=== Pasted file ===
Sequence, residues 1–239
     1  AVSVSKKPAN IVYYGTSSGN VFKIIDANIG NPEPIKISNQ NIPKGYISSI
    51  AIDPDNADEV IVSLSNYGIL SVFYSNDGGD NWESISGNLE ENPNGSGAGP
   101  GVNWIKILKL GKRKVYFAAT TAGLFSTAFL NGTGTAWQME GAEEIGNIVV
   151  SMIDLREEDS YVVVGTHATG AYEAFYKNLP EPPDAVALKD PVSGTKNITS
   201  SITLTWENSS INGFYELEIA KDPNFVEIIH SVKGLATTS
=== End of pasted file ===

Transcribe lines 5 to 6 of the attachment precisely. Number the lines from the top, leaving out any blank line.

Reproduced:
   151  SMIDLREEDS YVVVGTHATG AYEAFYKNLP EPPDAVALKD PVSGTKNITS
   201  SITLTWENSS INGFYELEIA KDPNFVEIIH SVKGLATTS